Just the other day I thought of an item for my bucket-list. Two years ago I wrote a piece for this blog called “No bucket-list”, in which I reported that I didn’t have a bucket-list. Which was true; I hadn’t seen every inspiring sight in the world, but I’d seen enough to satisfy me. My travel-bug had long ago splattered against the windshield of domestic life.
But I had forgotten Geiranger Fjord, until a photo of it appeared in some Norwegian site I had Googled. So. There’s my first bucket-list item. I wonder if there’ll be more. I can recall many beautiful places from the seventy countries I’ve passed through in my time, and no doubt there are thousands that I ought to see. So who knows?
In The Summer of ’63 (June 2013) I reported hitching-hiking (a lot more hiking than I had expected, in those days before Norway’s oil discoveries made everybody rich enough to own cars) from Bergen to the Russian border and back to England via Helsinki and Oslo.
A man on a motor-bike rode us down the slow and dangerous switchback road to Geiranger Fjord. From the top, it looked as though we could have jumped out and down to where two tiny cruise-ships were anchored next to the little vik (village; wick in England, vik in Norwegian, as in Vik-ing).
My Dad believed his house in Toowoomba had the grandest panorama-view in all of Queensland – looking east from the top of the Great Dividing Range. He had a huge picture-window put in, to enjoy it the more. Ross’s “ranch” in southern Norway has a similar view. He’s never seen the one in Toowoomba, so there may be something in his DNA that attracted him to his little paradise. (Norwegian Wood, July 2015)
My Scandinavian adventure was supposed to be followed by a year’s auditing in London, but halfway through that Mum needed me back in Brisbane where Dad was dying. Afterwards, it didn’t seem worth the effort to resume the job in London, so I went off travelling a bit earlier than the schedule called for.
David-from-the-ship-over and I drifted around England with a bunch of skydivers for a few weeks, then I nipped off to buy a car in Hamburg with the help of a friend of a friend. David joined me in Berlin for the drive back. He reminded me earlier this week of my then-obsession for driving around churches; we did that with every church we came to along the way. Not around the whole churchyards, just the actual church buildings, which was much trickier.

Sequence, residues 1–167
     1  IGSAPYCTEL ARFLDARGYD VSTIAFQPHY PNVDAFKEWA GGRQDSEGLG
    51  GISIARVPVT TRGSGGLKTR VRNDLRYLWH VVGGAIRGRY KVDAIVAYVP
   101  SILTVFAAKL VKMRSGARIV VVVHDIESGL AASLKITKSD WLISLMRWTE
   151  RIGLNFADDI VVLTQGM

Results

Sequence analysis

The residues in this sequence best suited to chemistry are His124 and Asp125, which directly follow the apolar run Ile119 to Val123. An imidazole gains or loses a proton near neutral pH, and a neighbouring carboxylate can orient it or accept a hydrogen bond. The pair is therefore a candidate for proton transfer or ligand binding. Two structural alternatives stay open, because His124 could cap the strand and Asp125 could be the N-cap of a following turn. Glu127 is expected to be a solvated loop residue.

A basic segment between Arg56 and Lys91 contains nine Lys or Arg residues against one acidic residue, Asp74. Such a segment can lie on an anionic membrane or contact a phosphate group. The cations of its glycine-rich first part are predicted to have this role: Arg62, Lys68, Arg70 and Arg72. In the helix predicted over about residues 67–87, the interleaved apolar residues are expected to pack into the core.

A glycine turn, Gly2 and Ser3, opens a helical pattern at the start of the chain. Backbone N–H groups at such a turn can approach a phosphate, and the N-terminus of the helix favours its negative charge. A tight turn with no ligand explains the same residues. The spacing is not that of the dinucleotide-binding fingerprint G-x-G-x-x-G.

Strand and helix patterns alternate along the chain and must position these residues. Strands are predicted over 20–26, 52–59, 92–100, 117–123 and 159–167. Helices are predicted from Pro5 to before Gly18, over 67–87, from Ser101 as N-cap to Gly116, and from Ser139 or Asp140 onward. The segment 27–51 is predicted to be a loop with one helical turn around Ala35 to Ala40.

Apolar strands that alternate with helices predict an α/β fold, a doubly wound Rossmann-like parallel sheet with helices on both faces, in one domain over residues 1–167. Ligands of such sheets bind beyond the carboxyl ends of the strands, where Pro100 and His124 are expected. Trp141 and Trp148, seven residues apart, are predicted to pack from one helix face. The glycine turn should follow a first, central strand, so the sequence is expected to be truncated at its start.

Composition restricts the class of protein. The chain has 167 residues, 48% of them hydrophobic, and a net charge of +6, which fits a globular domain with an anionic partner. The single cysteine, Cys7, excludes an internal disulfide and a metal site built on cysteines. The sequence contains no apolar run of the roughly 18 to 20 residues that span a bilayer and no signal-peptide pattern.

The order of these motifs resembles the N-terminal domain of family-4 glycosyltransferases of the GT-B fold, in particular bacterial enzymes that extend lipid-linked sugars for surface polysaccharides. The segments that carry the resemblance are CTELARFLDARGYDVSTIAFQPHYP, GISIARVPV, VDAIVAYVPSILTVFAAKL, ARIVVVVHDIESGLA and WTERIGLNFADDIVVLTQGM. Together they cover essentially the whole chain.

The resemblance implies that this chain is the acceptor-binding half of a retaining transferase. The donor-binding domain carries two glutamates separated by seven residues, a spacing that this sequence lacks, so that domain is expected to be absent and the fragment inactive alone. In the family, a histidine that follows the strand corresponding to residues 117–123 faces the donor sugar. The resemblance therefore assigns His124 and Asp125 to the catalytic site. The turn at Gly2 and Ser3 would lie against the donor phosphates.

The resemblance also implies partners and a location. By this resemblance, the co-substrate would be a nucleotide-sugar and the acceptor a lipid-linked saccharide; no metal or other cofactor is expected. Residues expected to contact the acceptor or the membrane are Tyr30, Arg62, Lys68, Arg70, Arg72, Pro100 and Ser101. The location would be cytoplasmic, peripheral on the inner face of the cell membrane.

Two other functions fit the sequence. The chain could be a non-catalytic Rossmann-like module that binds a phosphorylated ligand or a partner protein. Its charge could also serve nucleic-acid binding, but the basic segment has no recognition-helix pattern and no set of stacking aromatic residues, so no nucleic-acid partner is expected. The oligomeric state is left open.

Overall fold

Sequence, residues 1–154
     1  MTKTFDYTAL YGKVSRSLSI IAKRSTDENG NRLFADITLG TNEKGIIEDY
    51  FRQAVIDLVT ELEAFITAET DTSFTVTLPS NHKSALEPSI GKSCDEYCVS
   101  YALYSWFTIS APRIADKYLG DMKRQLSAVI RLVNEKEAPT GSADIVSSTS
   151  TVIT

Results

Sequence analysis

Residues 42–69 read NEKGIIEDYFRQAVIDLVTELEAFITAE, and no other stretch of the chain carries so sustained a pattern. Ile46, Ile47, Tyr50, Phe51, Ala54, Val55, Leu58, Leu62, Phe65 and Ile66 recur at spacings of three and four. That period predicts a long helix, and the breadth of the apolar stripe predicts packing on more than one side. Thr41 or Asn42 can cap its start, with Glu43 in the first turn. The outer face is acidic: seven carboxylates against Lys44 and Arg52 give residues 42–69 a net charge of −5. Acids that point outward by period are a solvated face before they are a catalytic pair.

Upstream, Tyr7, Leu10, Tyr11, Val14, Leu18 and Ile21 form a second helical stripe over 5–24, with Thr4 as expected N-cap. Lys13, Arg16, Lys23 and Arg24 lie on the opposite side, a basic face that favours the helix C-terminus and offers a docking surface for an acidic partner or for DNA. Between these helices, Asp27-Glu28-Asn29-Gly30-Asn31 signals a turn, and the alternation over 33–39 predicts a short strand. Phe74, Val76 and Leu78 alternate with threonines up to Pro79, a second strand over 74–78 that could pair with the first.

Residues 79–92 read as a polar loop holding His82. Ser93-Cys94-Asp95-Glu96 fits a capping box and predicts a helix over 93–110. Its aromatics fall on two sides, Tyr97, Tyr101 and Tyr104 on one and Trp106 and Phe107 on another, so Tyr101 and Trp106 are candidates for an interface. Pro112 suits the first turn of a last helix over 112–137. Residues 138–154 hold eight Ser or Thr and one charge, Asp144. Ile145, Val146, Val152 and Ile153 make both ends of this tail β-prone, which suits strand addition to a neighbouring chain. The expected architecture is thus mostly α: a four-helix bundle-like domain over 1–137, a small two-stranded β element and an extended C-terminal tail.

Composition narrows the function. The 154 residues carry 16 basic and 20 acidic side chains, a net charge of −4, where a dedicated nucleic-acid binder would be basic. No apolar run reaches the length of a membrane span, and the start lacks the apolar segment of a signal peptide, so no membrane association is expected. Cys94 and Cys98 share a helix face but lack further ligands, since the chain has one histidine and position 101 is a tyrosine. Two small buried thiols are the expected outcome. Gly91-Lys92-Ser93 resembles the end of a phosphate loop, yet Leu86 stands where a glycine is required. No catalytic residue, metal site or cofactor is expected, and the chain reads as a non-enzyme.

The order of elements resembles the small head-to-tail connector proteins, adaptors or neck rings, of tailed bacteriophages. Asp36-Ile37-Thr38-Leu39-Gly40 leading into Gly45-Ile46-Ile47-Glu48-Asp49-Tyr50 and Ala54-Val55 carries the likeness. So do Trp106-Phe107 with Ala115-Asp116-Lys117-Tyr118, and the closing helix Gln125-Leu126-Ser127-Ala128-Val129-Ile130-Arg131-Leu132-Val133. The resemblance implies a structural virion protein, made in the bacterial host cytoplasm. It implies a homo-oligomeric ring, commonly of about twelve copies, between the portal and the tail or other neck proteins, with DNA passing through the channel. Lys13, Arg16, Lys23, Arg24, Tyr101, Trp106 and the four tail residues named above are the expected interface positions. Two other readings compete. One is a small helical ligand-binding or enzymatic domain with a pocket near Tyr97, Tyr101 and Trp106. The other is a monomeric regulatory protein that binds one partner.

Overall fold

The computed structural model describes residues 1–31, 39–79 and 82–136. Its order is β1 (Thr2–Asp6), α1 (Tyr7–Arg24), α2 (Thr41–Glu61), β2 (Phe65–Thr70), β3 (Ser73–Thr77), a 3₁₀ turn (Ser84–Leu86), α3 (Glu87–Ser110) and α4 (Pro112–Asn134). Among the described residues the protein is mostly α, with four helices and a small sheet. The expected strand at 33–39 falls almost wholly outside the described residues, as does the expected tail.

Oktoberfest in Munich, then Greece and the eight months with Linda through the Middle East and Eastern Europe, which I’ve covered in other posts. At the end of that adventure, my Mum met us in London – her first trip overseas. I showed her the best parts of Britain, and she went home vowing to see the whole place one day.
Toronto was chosen as the place to replenish the bank account before going back to Toowoomba and settling down. When Linda gave up on me and flew home to mother, I took a few weeks’ vacation in the Caribbean, just to keep my hand in. (Eight o’clock White Man’s Time, July 2013)
But once she and I sorted out our differences enough, we married and drove down to jobs in the Bahamas, where the travel-bug came out of its 18-month hibernation. There – overpaid and underworked – we spent our spare cash on cheap weekends in the Out-Islands, successive Easters in Jamaica and Puerto Rico, one vacation in Central America and one in Paris and Spain.
Flush with money – nearly $50,000! – we retired in 1970 and prepared ourselves for the caves of Crete and a life with the hippies there. Linda took a primary-teachers course in Perth (Australia) so she could teach English to the natives, and we signed on for a dusty two-week convoy through the Outback to the Kimberleys and back down the coast road. That was just to keep the parasite-bug in good shape.
We never did make the caves of Crete (A young man’s car, September 2013). The closest we ever got to Crete was the whitewashed houses of Mykonos, back in our Big Adventure. Everyone says Mykonos is the pick of the smaller Greek islands, so maybe it should go onto my new bucket-list too.
With just Geiranger for company, that doesn't make much of a bucket-list, does it? Hmmm. More thought is needed. I'll have to get back to you on this.